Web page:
Many older Texans receive Social Security or Supplemental Security Income (SSI) every month. You may be in a nursing home or elsewhere and have trouble handling your benefit. But that does not mean you need a guardian. Instead, you or someone else can ask the Social Security Administration to appoint someone to help you handle your benefit. That person is called a Representative Payee. Your benefit can be sent to the Representative Payee, who will use it to pay your bills.Having a Representative Payee is a good choice for some adults whose only income is from Social Security or SSI. It is not a good solution for people with more complicated financial situations.
Do I have to be legally incompetent to get a Representative Payee?
No. But you must explain why it is difficult to handle your Social Security or SSI benefit.
How do I ask for a Representative Payee?
You, or a relative, friend, or guardian can ask. You do not need to go to court. But you will have to fill out Social Security Form SSA-11-BK. Call Social Security at 1-800-772-1213. The TTY number is 1-800-325-0778. You will also have to give Social Security information from the past year that shows you are having trouble handling your affairs, like:
- Court documents (saying you are incompetent)
- A report from your doctor
- Statements from you, your family or other people who know you
Not all of those documents will be needed in every case. For instance, a court order is not needed in many instances. But if there is a court order stating that a Social Security or SSI recipient is incompetent, that will be important as Social Security decides whether to appoint a representative payee. If Social Security decides that you need a Representative Payee, they will appoint a one.
Who can be my Representative Payee?
Your Representative Payee can be a person or an organization. Social Security will try to pick what is best for you. They give preference to certain people, starting with:
- Your guardian, spouse or other relative
- A friend
- A public or non-profit agency
- A private institution
- Anyone else who is qualified and willing to serve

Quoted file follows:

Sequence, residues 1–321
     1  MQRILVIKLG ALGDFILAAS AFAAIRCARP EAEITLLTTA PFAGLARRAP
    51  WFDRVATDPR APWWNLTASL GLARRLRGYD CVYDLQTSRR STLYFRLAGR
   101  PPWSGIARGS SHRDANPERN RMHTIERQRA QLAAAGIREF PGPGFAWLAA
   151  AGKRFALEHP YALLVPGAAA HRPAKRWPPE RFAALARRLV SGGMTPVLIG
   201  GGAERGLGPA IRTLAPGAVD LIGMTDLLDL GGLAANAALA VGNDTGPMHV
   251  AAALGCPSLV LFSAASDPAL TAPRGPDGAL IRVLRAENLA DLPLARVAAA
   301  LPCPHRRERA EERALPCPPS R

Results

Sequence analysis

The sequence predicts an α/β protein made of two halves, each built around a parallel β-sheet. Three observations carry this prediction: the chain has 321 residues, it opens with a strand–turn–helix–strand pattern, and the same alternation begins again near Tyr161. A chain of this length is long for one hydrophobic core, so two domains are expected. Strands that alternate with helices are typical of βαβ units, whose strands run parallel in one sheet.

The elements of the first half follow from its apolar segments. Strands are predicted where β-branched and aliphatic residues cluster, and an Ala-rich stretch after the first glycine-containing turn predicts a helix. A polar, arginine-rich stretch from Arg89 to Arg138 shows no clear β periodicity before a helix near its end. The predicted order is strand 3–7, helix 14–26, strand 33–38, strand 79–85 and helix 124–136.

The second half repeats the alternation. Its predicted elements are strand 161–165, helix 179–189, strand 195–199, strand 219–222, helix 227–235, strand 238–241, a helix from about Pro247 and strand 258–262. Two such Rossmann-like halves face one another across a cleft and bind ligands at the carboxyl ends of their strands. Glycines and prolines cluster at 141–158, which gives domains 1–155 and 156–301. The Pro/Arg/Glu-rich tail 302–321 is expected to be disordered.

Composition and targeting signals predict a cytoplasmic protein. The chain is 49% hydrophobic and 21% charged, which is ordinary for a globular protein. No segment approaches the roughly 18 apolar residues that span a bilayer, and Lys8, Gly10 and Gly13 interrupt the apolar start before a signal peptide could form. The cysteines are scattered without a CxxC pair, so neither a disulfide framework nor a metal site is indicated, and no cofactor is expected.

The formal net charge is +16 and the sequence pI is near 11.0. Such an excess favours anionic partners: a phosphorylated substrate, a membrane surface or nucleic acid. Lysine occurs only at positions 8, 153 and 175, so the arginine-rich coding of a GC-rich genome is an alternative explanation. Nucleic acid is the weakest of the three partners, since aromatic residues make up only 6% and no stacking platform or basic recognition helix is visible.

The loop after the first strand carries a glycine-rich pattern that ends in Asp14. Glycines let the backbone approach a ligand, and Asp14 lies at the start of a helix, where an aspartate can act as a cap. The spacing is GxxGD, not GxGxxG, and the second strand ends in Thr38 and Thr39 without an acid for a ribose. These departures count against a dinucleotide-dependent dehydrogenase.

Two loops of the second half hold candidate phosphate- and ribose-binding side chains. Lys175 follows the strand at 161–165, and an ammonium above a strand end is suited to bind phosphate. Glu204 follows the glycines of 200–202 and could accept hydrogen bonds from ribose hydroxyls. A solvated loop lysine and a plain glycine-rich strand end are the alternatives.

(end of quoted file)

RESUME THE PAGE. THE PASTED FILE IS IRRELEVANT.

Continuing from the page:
What if I am not happy with Social Security’s decision?
If you disagree with Social Security’s decision to appoint a Representative Payee for you, or you are not happy with the person appointed, you can appeal, by requesting “reconsideration.”
What will my Representative Payee do?
Your Representative Payee will receive your benefit each month and use it to:
- Pay for your needs like housing, clothes, food, medical care, nursing home or other needs
- Provide for your spouse, child and/or parent
- Pay your debts
- Make investments and savings for you
Your Representative must also:
- Keep careful records of how your money was spent
- File a written report with Social Security each year about your financial situation
- Tell Social Security about any changes in your situation that would affect your benefits
- Let Social Security know about any changes in his/her situation
Can I get a new Representative Payee?
Yes, if your present Representative has:
- Used your money improperly,
- Not filed a report or cooperated with Social Security,
- Died, or
- Said he/she does not want to be your Representative anymore.
What if I do not want a Representative Payee any more?
You must show Social Security you are able to handle your checks again. You must provide evidence like:
- A statement from your doctor
- Certified copy of a court order that says you are no longer incompetent
- Other evidence that says you can manage your affairs
What if I receive benefits from other agencies?
Many other federal agencies, like Veterans Affairs, can also appoint a Representative Payee. Contact the agency where your benefit is from to find out more.
Where can I get more information or help?
Your Texas Area Agency on Aging, by calling (800) 252-9240
Texas Law Help has useful information on many areas of the law. Go to www.texaslawhelp.org.
Legal Hotline for Texans: (800) 622-2520 or (512) 477-3950
Call our attorney-staffed legal hotline. Advice is free for Texans 60 and over or for anyone eligible
This article tells you about Social Security Benefits, SSDI benefits, and SSI benefits. It lets you know about how you would qualify for these bene...
Public benefits programs help people with little or no money. These programs include food, medical, disability, veterans benefits, social security,...